3. The lower temperatures and higher solar radiation make for more concentrated flavors.

Although Scott was probably not as humorous as Randa Warren from our first Wine Exploration Series, he was truly excited about wine and was full of knowledge.

The food pairing was also not as interesting as our last tasting.   That being said, we were ten minutes late and if the food was explained we may have missed it.   This is what we had, or at least my interpretation of it because we didn’t have a food tasting menu.

Clockwise from 1:00---crab and artichoke tartlettes, steak with Sriracha, herbed Chevre, and tuna tartare with sesame oil.

All of this was great food, we just didn’t have a whole lot of help with what to eat with what wine.

Scott is a wine merchant and I am going to look for their hang tags at my next wine-buying outing.

Remember I said we sampled six wines. The Hubs grabbed a few more from the empty place next to him. 🙂

Our last part of the series is a pruning and grafting seminar.   I can’t wait.

Check out our other adventures in this Wine Exploration Series.

8 comments to Wine adventure #2

  • I wonder if grapes would grow at 6,000 ft? Probably not, not much grows up there. I enjoy Argentinian wines and they are quite affordable. I went to event awhile ago and did the same thing as your hubby and capitalized on the empty seat next to me, yay for more wine!

  • I’m in for the fruit loop wine but you can keep the one that tastes like licorice. Ugh.

    We have grape vines on our acreage. There used to be a man who would come harvest them for us and in return, he got to make wine, which he split with us.

    We still have gallon-sized (yes, you read that right) jugs of his wine.

    That stuff could knock the socks off of a giant. One sip and I’m dancing on tables.

    I’m VERY picky about my wines. I’m not a dry wine kinda goal. More of a light and fruity kinda gal.

    I’m currently on a sparkling moscato kick…plus the one I like is pink. And that does something for my psyche.

    I would LOOOOVE to go on one of these tastings. Right now, I’m limited to, “Bring me something light and fruity!” I wish I knew more!

  • I have never even thought there was were so many variables in wine production – really informative post 🙂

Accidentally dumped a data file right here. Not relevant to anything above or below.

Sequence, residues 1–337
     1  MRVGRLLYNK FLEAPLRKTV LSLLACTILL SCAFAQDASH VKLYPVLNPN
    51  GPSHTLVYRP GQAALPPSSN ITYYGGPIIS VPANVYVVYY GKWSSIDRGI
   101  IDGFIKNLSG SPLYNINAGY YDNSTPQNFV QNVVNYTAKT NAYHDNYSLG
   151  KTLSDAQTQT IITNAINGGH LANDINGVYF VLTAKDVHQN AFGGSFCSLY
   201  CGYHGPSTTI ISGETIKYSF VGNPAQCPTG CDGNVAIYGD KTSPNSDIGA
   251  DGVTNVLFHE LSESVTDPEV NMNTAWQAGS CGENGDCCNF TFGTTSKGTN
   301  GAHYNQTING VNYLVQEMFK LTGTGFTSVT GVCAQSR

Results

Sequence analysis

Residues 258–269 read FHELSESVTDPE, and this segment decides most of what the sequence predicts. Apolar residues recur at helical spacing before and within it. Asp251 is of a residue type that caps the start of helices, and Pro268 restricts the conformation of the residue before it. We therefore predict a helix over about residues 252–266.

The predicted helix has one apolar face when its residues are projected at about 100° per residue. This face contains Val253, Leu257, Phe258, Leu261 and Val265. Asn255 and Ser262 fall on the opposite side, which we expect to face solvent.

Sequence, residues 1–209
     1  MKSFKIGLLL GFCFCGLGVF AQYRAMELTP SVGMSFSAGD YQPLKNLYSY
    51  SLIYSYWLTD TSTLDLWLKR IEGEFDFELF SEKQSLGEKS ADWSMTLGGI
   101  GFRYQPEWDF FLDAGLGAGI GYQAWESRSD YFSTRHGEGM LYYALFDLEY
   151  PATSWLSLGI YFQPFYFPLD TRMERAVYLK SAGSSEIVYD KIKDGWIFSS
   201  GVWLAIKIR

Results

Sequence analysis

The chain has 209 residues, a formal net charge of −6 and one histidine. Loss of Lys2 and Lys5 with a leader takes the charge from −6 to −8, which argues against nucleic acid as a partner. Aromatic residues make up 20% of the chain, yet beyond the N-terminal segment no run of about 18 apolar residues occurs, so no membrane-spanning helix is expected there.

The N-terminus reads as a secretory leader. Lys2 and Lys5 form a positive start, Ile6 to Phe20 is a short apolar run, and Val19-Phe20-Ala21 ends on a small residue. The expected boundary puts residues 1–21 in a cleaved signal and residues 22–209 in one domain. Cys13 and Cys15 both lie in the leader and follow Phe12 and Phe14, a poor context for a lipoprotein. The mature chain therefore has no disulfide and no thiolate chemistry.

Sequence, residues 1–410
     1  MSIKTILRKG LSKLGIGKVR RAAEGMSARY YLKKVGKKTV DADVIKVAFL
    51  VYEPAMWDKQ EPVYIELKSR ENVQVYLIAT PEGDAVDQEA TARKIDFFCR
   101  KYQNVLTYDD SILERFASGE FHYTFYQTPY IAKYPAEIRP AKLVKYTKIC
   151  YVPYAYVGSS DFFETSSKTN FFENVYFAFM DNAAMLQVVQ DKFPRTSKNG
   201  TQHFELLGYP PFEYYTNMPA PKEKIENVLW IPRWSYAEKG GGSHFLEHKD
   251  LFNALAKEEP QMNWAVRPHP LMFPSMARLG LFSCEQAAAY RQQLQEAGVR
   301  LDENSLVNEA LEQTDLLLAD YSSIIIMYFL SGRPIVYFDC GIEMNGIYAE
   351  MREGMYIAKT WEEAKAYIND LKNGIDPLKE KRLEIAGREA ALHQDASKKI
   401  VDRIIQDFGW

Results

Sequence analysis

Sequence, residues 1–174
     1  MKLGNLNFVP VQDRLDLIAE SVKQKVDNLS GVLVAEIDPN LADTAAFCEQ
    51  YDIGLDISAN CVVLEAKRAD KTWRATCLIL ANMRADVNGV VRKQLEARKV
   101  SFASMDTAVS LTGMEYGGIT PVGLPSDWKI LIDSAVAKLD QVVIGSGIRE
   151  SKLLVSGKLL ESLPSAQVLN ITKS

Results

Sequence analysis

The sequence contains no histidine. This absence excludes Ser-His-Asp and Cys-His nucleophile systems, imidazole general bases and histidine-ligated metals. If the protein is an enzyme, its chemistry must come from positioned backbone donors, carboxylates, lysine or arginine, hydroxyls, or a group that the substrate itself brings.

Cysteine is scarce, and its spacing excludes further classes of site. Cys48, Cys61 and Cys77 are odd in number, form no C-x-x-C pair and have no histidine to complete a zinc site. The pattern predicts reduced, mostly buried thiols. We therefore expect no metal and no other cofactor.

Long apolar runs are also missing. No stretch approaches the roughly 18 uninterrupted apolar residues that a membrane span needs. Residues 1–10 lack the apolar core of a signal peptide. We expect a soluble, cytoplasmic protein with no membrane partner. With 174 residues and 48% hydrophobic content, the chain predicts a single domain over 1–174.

Choc Chip Uru
    Latest: Traditional Lemon Meringue Tart

  • Very nice, I Love Sauvignon Blanc, I would like to try the one from New Zealand. Thanks for sharing your wine tasting.

    • Eliot

      Thanks for all the comments. We are so easily influenced that we are looking at a small wine cellar/cooler now and I am making a list of what we want to purchase to stock it. I will definitely buy both Sauvingon Blancs, the Guiliams Vineyard Cab Sauv, the Malbec, and the Riesling. (I love a good Riesling.) In fact, I may stop at the store on the way to yoga tonight (or is that counter-productive????) 🙂

  • My husband and I did many wine tastings living near Napa California. Not so much now. I am almost afraid to find more good wine since it is not in our budget. Thanks for the great information.

    • Eliot

      Aahhh, how I envy anyone who is from Napa. That destination is definitely on our bucket list. We have so much anticipation and expectations that I hope we are not disappointed when we finally get to visit wine country.

  • Interesting information here-never knew about the altitude thing. You definitely are having some fun and learning quite a bit on these wine adventures. Cool that they have inspired you to invest in a wine cooler. I do not know much about wine, but I am sure I could benefit from classes, seminars or tours. You now have me thinking about it more. Have a great evening!